The media says we’re in a recession, and possibly heading toward a depression. The stock market is dropping daily, and you can’t turn on the news without hearing more doom and gloom.

What does a recession really mean? They are usually caused by a combination of Risk + Over Optimism + Over Investing + A Catalyst. The catalyst is often war, rising oil prices, or banks failing. Sounds familiar, doesn’t it?

How does a recession effect our companies? Businesses often start slashing expenses. This includes training, people and marketing. When businesses take this approach, they are being reactive, not proactive. By cutting back on marketing, businesses immediately begin losing market share. Consumers think twice about making purchases, and everyone wonders how cautious they should be.

The number one question you should ask about your business is, “Should we keep marketing, even though people may not be buying?” The answer to that is a resounding, “Yes!” When there is an economic downturn, you have opportunities galore to improve market share.

It’s proven that steady ad spending during recessions leads to increased sales. Watch your competitors. They are likely cutting their spending, which means there is less noise for you to compete against. Your customers may have cut back, but they didn’t go away. They are paying attention right now, and will be ready to spend again when the economy turns around. When they are ready, who do you think they will turn to? The businesses who marketed to them, or those who faded into the background?

Now that you know you need to be marketing, what should you do? We recommend that you develop a comprehensive marketing plan that works when the economy slumps. You should:

Focus on improving your internal processes
Develop creative ways to market your products
Actually implement the plan
Monitor and update throughout the entire process
Remember to support your marketing efforts with your sales force
Once you’ve completed this plan, use it today, and keep it on hand for when times are tough again. The economy is cyclical. Whether we like it or not, it will happen again. Most importantly, think about your budget, be creative and be strategic. It will pay off in spades.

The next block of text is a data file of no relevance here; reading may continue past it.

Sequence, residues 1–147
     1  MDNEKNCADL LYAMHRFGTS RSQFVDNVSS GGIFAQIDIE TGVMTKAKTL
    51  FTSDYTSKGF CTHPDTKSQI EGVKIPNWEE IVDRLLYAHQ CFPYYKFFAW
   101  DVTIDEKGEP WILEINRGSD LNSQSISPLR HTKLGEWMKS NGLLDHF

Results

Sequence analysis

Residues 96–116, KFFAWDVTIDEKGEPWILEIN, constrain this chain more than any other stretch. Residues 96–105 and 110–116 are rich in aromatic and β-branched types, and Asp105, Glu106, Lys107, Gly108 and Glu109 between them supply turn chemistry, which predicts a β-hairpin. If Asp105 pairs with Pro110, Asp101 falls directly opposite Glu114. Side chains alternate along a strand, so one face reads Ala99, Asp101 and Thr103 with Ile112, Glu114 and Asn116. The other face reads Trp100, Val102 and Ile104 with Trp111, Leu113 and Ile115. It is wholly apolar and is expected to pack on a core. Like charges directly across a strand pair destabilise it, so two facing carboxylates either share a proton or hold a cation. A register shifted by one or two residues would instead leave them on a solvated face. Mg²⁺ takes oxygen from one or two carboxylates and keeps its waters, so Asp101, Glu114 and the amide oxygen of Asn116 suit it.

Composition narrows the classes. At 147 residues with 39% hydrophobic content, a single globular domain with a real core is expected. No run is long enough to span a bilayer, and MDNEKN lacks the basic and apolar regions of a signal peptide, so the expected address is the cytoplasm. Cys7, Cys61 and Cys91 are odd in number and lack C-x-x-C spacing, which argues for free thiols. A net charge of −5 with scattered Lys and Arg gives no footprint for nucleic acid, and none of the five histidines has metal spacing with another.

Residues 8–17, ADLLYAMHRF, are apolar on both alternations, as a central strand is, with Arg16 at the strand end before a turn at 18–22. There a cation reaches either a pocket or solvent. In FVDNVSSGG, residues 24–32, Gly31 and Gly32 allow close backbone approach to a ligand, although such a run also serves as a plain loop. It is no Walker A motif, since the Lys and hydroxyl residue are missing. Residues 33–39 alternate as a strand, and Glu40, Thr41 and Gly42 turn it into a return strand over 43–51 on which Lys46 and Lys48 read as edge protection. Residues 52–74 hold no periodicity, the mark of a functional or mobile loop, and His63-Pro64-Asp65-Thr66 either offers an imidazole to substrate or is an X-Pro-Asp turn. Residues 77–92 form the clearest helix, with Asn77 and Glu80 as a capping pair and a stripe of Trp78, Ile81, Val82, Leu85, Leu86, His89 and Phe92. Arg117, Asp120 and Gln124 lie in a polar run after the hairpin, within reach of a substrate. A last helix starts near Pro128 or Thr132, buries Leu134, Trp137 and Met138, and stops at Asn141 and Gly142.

What does it mean to be strategic? You should:

Keep an eye on your competitors
Concentrate on your brand
Reward your current customers
Focus on communication
internally and externally
Enhance your processes
Check up on your competitors. See what they are doing, as well as what they aren’t. If they are weak in an area where you are strong, take this time to capitalize on that.
With your brand, emphasize the things that made you valuable in the first place [honesty, integrity, price, quality]. Market products that work; cut out products that don’t. Don’t cut back on quality. And, believe it or not, don’t cut prices. That will diminish your brand and make it difficult for you to bring your products or services back to pre-recession pricing.

Remember that customers are your biggest asset, reward their loyalty, keep in touch with them and let them know they are appreciated.

Keep in mind that media outlets are scrambling to fill their spots. Take advantage of lower cost media channels, invest in in-store marketing and make sure your creative work is better than ever. Your customers and prospects will take notice.

What kinds of things can you do to market your business? The options are limitless. Make sure you focus on:

Integrating sales and marketing at all levels
Using lead management to identify your prospects
Remembering to communicate with your current client base
Planning methods of communication for later in the buying cycle
Building rapport and trust
Develop CRM solutions to manage your client data so you can easily manage how you market to your prospects and clients. Create new content of value to deliver to these people (whitepapers, top ten lists, check lists, buyer’s guides). This content will help you build rapport, but trust will help you win business. Trust through marketing comes from customer references, review, expert opinions, awards and other validation. However, nothing beats building honest relationships with people you would like to do business with. People buy from people they know, like and trust. Get to know your prospects, so they get to know you. Marketing is about getting to know the people you want to do business with, not about you.
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